Comparing two high-performance smartphones like the Galaxy S8 and HTC U11 is more work than one editor should take on. With the goal of showing off the main features of each model, we decided not to tell you which we think is better, but rather to share the experience of two editors who have used these flagship devices. In the end, you’ll be the one to decide which model suits you best.
In this battle, I’ll be talking about the features and functions of the Galaxy S8 that make me consider it to be the best device launched in 2017. In the opposite corner, my colleague Luis Ortega will be telling you about why he believes the HTC U11 deserves the title of best smartphone of the year.
Samsung Galaxy S8 vs HTC U11: design and display
I’ve been using the Galaxy S8 for about two months now, and I haven’t seen any other smartphone that comes close to its modern design. It fits so nicely in the hand that sometimes I forget it has a 5.8-inch screen. There are so many one-handed features on the S8 that you really never need to use two.
I think it’s a sin to hide this device under a protective cover, especially the covers manufactured by Samsung, so I’ve been using the Galaxy S8 straight out of the box. Even though in these last two months I’ve had it in my back pocket, my backpack and on my table, the glass on both the front and back are like new, which is a huge plus for me. I’ve also been caught in the rain a few times with the device unprotected and I can honestly say that this phone handles those conditions as well as any of them.
When it comes to the display, in addition to offering a crystal-clear experience, with a delicate balance between its brightness and contrast, realistic while at the same time vivid colors, it lets Samsung develop features based on the Edge display. So, even without the option of knocking on the display to quickly access the notifications bar on the S8, we can slide from right to left and use the shortcuts on the Edge display. These shortcuts are very customizable and can be adjusted to each user’s needs.
The Galaxy S8 is longer than most devices on the market today since it comes with a new aspect ratio of 18.5:9 instead of the traditional 16:9. Besides this feature increasing the “useful life of the device” by offering a more modern industry standard, it also provides an improved experience by being able to show more content on its display. It’s true that there are a lot of Android apps that need to be updated to the new ratio, but that’s the price you pay when you’re leading the way.
The HTC U11 comes with a traditional format display, the one we’re all used to seeing. On the Galaxy S8, some games are cut off and there are strange reflections on the display's border. This isn’t the case with the HTC U11, however. YouTube videos get the most out of the 5.5-inch display by reaching from corner-to-corner. Another plus for games and videos is that it comes with a GPU Adreno 540, which is something only a few S8 users get to enjoy since the Qualcomm processor is only available in select countries like the US.
The build quality is excellent, and the feeling it emits with the mixture of glass and aluminum is fabulous. The blue models are particularly attractive. They emanate a sense of elegance.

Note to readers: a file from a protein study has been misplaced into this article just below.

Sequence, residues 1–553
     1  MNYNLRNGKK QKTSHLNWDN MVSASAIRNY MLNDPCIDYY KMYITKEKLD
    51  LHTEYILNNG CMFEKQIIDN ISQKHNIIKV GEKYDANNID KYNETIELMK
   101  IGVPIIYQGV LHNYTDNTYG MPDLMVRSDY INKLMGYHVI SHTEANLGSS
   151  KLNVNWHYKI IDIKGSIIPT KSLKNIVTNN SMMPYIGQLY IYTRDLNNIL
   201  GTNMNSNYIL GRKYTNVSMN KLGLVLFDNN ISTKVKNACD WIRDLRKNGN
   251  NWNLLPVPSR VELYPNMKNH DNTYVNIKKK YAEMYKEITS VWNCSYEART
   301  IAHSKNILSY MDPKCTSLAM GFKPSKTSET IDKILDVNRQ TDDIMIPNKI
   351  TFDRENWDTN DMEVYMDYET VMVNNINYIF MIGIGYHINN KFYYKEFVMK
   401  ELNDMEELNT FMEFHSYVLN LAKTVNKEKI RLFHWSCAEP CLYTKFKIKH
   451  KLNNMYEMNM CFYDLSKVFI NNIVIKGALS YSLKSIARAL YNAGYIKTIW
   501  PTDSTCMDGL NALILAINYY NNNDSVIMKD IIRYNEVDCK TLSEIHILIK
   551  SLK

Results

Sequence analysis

The back camera, surrounded by the glass real panel, protrudes a bit from the back of the device. Its solid finish that gives you a sense of security.
Samsung Galaxy S8 vs HTC U11: special features
As I said before, the display on the S8 doesn’t offer just an excellent visual experience, but also useful features like the Edge display. You can explore direct shortcuts to system features as well as your most used apps and favorite contacts. This makes it much more practical to use the device one-handed.
The feature that I use most on the Edge display is the device maintenance settings, as it gives me quick access to the performance modes. This is where you can choose between four different performance modes, save some battery life if you need to or set it up for the best experience with audio, video and games.
It’s impossible not to mention the Game Launcher as a special feature on the Galaxy S8. You’ll rarely find a game center as complete as this one on any Android-based smartphone. No matter how nice it is that Google Play Games offers the ability to record and share games, it doesn’t let you lock push buttons (the home button, for example) or other features that could interfere with gameplay, such as activating the Edge display without meaning to.
Edge Sense is the best smartphone innovation we've seen in 2017. It represents a completely new way of interacting with your phone. In my opinion, it’s on par with the invention of the mouse, which broadened the computer's capabilities and is a must-have today.
So far, there are two actions you can perform with Edge Sense: a hard or soft squeeze on the sides. By pressing on the phone’s edges, you can access apps and tasks, such as starting or ending a video recording. Obviously, these features are simple for now, but the best is yet to come.
Developers could incorporate Edge Sense technology into their apps, which would allow for unique interactions between hardware and software. It might even replace the volume button in the future.
Samsung Galaxy S8 vs HTC U11: quality and audio features
One of the audio features that I’ve used the most on the Galaxy S8 is thanks to Bluetooth 5.0. With its extra audio dimension, I can connect two Bluetooth speakers at the same time. Plus, the software lets you choose specific audio outputs for different apps.
This means that I can use Spotify on my Bluetooth speakers, and at the same time, use the phone's speaker to talk to my friends on WhatsApp, all while sitting on my couch at home. Also, when my foreign language teacher sends me my homework, this means it won’t cut off my music.
At last, software features that let me optimize audio quality on my headphones have arrived. This can make a huge difference depending on the quality of the audio file or the equalizer mode used. However, I need to be honest, the quality of the AKG headphones would be much better if it offered noise canceling, or at least insulation from external sounds.